JJM One of his albums - produced by John Hammond - is called "A Study in Frustration." The word "frustration" is used a lot when the conversation turns to Fletcher Henderson. Why?

JM Hammond is the main person responsible for associating the idea of frustration with Henderson's career. He felt that Henderson's music succeeded with Goodman in a way that it could not with his own band, so he did not achieve the fame or fortune that Goodman did playing that music. Henderson did experience some frustration in the sense that he wanted to succeed as a bandleader, and ideally would have been playing his own arrangements better than anyone else. But I think he accepted the situation in which Goodman's band picked up his arrangements and perfected them, especially the written parts. That was a source of great pride and satisfaction for him. The frustration part is only part of the story, and I think it is Hammond projecting his own feelings onto Henderson.

JJM He was known to do that at times.

JM Yes. Hammond determined in the early thirties that Henderson's band was the best, and he was going to make it known as the best band. When that didn't happen, the next best thing was for Goodman to make Henderson's music better known. I do believe much of this frustration theory is a lot of Hammond projecting his own feelings on to Henderson. On the other hand, think what would have happened if Goodman hadn't played Henderson's arrangements. He certainly wouldn't have been any better known or financially rewarded.

JJM And we probably wouldn't be sitting here, talking about him.

JM Maybe not. So, I end the book realizing that I needed to hold two opposing views in my head at the same time, and I termed them "frustration" and "fulfillment." It probably says more about the reader than about Henderson whether they put the weight on one or the other. To really understand and live this tension that infused Henderson's life and work, you have to be able to hold both of these in your soul at the same time. Yes, there was an element of frustration in the way things turned out, but on the other hand, his work was fulfilling in a way few of us will ever have the satisfaction of experiencing.

______________________

About Jeffrey Magee

Jeffrey Magee is an Associate Professor of Musicology at Indiana University. His writings on jazz, ragtime, and American popular song have appeared in American Music, Lenox Avenue, International Dictionary of Black Composers, Musical Quarterly, the Cambridge History of American Music, and the Journal of the American Musicological Society.

*

JJM Who was your childhood hero?

JM I grew up near Pittsburgh in the seventies, which was a great decade for Pittsburgh sports. The Pirates won two World Series and the Steelers won four Super Bowls during this time. I was in the heart of my childhood, and in my prime of being a sports fan as well, so it was a magical time for me. Every time I hear the names of the great players of those teams - Willie Stargell, Roberto Clemente, Terry Bradshaw, Lynn Swann, "Mean" Joe Greene, Jack Ham, Jack Lambert, not to mention guys who aren't remembered as well any more like, say, Richie Hebner and Rocky Bleier - it conjures up a whole range of feelings and memories. I'd have to add at least two other people to my list, although I didn't think of them as "heroes" at the time. One is my uncle Alan Magee, an artist. I look back and realize that I studied his illustrations and paintings-and his independent way of life-for clues about how I could live. The other is my father, Richard Magee, who read my early attempts at writing and, by making marginal comments, showed me that choosing the right word is a serious business, that writing is a painstaking process, a challenging craft. Also, my father-my whole family, really, including my mother Joyce and brother Rich-is liberal in a sense that seems to have been lost: open-minded, tolerant, generous, compassionate. I would say that my late-blooming interest in jazz-after growing up listening to seventies pop and learning classical piano-owes something to that background.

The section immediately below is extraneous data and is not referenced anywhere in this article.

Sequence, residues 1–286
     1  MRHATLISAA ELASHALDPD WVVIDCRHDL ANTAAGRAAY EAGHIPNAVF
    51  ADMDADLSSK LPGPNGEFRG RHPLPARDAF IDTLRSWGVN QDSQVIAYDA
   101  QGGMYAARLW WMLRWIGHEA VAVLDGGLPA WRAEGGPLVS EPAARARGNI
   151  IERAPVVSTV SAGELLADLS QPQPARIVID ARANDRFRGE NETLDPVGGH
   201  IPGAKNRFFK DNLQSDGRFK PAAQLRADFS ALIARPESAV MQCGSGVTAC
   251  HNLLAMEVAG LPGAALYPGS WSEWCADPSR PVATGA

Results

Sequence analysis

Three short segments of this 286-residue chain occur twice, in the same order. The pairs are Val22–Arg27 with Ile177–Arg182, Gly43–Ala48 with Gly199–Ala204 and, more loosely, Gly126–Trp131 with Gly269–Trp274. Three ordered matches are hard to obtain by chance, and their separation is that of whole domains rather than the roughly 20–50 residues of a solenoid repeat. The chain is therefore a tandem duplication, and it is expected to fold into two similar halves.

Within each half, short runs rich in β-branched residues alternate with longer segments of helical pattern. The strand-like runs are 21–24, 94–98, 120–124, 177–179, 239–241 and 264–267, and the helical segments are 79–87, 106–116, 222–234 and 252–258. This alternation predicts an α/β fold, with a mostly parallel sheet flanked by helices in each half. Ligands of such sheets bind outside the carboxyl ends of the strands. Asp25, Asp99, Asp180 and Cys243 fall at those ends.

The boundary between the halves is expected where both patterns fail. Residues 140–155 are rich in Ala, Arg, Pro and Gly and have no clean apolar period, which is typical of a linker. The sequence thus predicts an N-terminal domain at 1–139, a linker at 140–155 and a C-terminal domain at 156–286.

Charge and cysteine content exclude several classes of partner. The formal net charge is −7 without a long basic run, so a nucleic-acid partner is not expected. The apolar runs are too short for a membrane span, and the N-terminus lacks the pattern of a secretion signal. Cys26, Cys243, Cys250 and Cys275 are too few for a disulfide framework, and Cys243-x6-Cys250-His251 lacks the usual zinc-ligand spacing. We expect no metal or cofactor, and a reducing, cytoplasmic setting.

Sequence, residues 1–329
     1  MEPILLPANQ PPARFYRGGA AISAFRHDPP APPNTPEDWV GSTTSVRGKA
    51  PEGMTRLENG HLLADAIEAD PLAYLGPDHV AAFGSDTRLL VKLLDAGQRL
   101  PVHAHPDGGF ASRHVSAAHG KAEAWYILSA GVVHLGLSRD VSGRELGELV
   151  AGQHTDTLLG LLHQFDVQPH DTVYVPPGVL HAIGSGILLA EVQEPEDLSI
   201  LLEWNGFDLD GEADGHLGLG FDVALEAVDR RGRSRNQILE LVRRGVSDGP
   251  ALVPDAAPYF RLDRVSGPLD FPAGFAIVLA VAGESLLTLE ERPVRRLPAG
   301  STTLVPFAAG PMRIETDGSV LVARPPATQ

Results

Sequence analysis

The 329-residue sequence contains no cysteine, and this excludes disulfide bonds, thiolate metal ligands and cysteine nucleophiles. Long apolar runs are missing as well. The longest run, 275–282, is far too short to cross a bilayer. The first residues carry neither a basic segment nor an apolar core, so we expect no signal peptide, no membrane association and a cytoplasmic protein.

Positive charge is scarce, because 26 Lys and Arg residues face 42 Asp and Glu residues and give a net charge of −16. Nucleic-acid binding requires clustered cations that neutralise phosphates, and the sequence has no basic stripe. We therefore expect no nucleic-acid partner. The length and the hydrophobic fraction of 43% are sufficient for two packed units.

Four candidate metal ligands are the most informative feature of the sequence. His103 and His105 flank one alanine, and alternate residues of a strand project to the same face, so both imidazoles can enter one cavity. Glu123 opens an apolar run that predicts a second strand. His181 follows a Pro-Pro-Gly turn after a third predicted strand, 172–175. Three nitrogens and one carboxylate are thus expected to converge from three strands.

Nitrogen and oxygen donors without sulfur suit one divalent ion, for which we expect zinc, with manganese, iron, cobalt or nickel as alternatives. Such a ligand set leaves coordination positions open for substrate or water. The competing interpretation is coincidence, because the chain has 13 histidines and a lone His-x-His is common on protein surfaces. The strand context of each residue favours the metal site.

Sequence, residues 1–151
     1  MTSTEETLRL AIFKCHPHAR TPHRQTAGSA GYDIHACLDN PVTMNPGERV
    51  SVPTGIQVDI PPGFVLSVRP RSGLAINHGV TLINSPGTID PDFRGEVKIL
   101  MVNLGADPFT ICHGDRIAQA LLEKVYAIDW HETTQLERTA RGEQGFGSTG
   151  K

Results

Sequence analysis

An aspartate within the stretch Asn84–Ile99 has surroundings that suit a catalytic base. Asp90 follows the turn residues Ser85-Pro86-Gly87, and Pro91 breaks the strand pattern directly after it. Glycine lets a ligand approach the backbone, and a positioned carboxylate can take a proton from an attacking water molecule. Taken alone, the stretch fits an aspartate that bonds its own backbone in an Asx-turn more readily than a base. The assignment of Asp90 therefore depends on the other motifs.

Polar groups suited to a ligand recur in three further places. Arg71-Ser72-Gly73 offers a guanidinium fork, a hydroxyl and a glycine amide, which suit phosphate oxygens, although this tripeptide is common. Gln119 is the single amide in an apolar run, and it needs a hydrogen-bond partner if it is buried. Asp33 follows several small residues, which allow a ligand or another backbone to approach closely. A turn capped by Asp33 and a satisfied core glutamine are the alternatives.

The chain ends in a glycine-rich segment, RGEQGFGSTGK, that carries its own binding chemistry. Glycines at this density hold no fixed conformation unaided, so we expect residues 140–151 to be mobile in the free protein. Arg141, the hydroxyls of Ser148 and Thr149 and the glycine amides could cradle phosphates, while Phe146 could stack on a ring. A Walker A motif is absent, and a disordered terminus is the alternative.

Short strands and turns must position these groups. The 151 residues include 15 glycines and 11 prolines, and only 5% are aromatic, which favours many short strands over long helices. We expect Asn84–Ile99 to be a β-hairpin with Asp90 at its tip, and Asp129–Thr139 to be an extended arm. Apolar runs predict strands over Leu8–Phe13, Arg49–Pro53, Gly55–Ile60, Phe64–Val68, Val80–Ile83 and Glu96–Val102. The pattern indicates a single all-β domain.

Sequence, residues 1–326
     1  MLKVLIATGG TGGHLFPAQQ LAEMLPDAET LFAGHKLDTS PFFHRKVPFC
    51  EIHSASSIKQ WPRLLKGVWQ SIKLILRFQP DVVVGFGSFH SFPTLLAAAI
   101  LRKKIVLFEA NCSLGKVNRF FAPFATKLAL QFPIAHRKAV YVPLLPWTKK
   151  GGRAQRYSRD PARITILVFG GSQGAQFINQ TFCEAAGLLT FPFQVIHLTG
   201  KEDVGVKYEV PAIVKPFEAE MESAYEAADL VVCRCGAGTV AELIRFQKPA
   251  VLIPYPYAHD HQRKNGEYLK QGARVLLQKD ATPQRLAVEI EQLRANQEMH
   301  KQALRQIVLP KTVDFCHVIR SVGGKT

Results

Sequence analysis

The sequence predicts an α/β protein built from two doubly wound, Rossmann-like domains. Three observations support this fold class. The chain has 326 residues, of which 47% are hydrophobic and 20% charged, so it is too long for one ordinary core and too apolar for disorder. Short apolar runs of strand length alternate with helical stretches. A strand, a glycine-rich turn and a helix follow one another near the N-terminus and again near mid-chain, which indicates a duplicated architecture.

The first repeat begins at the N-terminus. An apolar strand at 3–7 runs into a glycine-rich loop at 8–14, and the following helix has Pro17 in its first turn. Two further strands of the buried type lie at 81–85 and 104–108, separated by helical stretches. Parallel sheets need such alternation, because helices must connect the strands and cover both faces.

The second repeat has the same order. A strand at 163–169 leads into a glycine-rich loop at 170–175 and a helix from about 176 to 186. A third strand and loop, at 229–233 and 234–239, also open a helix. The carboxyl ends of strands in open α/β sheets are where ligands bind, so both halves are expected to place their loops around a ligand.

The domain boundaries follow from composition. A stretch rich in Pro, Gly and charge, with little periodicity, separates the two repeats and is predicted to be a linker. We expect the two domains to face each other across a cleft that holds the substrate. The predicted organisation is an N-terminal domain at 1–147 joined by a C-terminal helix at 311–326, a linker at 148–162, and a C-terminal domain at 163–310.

icWales - Miles Davis artworks get UK show

icWales - Miles Davis artworks get UK showMiles Davis artworks get UK show

Sep 20 2005

icWales


A new exhibition of artworks by jazz supremo Miles Davis is being unveiled to a UK audience for the first time today.

The exhibition will enjoy its British premiere and its only UK showing in Edinburgh, before heading to the Pushkin Museum in Moscow.

The Art of Miles Davis promises to reveal a different side to Davis’s genius - a man better known for his skill on the trumpet than his flare with a paintbrush.